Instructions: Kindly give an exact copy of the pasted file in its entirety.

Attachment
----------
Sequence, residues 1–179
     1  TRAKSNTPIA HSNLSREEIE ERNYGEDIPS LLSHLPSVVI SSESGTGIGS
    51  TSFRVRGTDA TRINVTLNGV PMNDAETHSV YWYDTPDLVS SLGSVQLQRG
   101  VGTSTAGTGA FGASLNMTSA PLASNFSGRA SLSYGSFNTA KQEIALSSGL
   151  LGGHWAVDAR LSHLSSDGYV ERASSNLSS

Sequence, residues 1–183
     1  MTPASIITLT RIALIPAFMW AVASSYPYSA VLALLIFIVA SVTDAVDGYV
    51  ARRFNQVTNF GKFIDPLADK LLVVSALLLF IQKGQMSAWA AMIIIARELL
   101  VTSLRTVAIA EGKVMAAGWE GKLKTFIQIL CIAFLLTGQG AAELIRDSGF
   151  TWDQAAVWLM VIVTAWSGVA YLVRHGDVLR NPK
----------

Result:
Sequence, residues 1–179
     1  TRAKSNTPIA HSNLSREEIE ERNYGEDIPS LLSHLPSVVI SSESGTGIGS
    51  TSFRVRGTDA TRINVTLNGV PMNDAETHSV YWYDTPDLVS SLGSVQLQRG
   101  VGTSTAGTGA FGASLNMTSA PLASNFSGRA SLSYGSFNTA KQEIALSSGL
   151  LGGHWAVDAR LSHLSSDGYV ERASSNLSS

Sequence, residues 1–183
     1  MTPASIITLT RIALIPAFMW AVASSYPYSA VLALLIFIVA SVTDAVDGYV
    51  ARRFNQVTNF GKFIDPLADK LLVVSALLLF IQKGQMSAWA AMIIIARELL
   101  VTSLRTVAIA EGKVMAAGWE GKLKTFIQIL CIAFLLTGQG AAELIRDSGF
   151  TWDQAAVWLM VIVTAWSGVA YLVRHGDVLR NPK